JENNA VORIS | STAFF COLUMNIST
It’s Saturday morning of Homecoming weekend and campus is buzzing. Alumni wander the streets, reminiscing on their glory days while determined dog owners dress their four-legged friends in crazy costumes for a chance to win the elusive title of Best in Show at the Bulldog Beauty Contest.
Students from Greek houses get a chance to add to the Butler University legacy by participating in different events throughout the weekend. From chariot races to the Homecoming parade, it’s not unusual to see proud Greeks sporting their letters and hyping the crowds.
For first-year students, commuters and students not affiliated with any Greek house, there are options as well.
The university pairs sororities and fraternities with residence halls and campus apartments in an attempt to involve everyone in the festivities of Homecoming. But are they successful?
For sophomore Maria Rapisarda, the answer is no.
“I don’t like how [Homecoming] is a mostly Greek event,” she said. “It makes people who aren’t Greek feel very excluded.”
Rapisarda suggested there should be more opportunities for independent students to get involved, such as having every residence hall decorate its own lawn or having an online voting poll for themes.
“If you’re going to have it be Greeks paired with non-Greeks, they should have it so that those people who aren’t Greek have a way to be involved and showcase their skills,” Rapisarda said.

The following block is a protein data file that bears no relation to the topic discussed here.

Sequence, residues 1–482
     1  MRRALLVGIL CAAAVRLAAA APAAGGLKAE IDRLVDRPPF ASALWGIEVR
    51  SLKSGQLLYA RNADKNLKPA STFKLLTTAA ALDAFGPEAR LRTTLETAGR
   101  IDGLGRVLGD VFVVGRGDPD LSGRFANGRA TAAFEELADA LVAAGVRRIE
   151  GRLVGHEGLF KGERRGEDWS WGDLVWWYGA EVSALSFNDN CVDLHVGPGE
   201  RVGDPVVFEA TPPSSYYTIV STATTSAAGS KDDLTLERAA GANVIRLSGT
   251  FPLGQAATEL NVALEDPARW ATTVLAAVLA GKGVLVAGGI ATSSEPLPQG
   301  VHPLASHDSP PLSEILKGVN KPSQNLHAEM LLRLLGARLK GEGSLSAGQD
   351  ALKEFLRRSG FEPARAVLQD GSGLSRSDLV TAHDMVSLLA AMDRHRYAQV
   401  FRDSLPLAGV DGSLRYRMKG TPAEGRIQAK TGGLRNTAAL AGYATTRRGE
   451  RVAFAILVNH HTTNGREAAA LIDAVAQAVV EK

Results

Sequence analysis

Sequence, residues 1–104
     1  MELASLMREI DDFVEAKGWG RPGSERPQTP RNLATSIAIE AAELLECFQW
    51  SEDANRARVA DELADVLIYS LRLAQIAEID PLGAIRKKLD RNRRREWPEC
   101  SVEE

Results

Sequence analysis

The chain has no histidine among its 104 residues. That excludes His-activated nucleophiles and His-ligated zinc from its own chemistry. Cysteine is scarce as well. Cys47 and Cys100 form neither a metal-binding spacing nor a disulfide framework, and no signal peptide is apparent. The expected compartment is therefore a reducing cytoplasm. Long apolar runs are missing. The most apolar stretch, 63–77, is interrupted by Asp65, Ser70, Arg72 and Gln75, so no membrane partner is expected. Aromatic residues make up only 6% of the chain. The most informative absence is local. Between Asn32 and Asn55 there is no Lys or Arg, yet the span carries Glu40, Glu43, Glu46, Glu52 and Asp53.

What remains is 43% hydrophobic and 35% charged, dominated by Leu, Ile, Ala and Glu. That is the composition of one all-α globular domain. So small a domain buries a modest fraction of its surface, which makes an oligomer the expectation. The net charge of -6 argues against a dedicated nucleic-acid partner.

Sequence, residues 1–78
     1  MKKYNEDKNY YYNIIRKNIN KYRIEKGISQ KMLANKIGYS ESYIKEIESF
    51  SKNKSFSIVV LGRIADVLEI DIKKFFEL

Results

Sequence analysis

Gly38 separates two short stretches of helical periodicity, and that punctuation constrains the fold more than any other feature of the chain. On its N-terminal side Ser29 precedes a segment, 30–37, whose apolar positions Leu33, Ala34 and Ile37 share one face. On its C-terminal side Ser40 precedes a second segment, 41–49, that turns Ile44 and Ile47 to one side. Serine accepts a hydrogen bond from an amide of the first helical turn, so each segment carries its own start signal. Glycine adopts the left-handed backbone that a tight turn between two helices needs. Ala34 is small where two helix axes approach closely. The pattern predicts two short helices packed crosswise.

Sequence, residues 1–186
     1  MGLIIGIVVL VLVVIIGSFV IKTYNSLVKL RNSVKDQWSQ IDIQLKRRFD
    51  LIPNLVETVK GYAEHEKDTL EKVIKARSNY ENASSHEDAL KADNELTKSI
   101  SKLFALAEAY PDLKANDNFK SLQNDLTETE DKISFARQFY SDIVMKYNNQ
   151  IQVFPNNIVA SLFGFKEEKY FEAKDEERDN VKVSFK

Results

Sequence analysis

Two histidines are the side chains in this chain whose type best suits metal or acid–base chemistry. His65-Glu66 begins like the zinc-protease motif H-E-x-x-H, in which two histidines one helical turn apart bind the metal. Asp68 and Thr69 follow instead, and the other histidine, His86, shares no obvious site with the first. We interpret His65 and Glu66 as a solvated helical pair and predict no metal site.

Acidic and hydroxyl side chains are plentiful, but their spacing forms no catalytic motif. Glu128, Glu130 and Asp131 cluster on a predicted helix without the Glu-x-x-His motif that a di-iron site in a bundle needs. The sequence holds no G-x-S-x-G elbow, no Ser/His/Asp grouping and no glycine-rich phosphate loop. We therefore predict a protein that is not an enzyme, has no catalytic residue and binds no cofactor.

Sophomore Chelsea Yedinak said that there was another issue with Homecoming weekend being dominated by Greek life: the lack of information reaching the student body.
“I never know when anything is happening because it’s not publicized for anyone until the day before,” Yedinak said.
That’s when I realized that I also had no clue what was going on during Homecoming weekend. I heard the theme was cartoons, but I did not know what that meant. I did not know which houses were doing what, or even what house I was paired with as a student in a campus apartment.
A quick search of the Butler website for “Homecoming 2015” led me to a page that listed the schedule for the weekend but provided no more information on what I could do to get involved in the events.
The Butler Connection was a little more helpful, clearly listing the theme and pairings between Greek houses and residence halls. It even kindly told me when the next Homecoming event but never what that event was.
“There needs to be more publicity about it so we know about it sooner,” Yedinak said. “It needs to be the kind of thing that’s in the (Butler) Connection every day.”
Sophomore Catie Liggett, member of Delta Gamma sorority, said before she was in a Greek house, her knowledge of the Homecoming events was limited.
“Last year, living in Ross (Hall), I never really knew what was going on,” Liggett said. “You would kind of hear about the events, but you never had enough information to want to go.”
Maybe the issue with students feeling left out of Homecoming isn’t a question of exclusion from Greek events by Greek students, but rather a problem with the lack of information being distributed from the university itself.
Butler should utilize advertising and social media posts more in an effort to get every student on campus involved in Homecoming festivities. If that happens, the amount of people at events– and those actively participating in those events– would increase.
After all, isn’t that the Butler Way?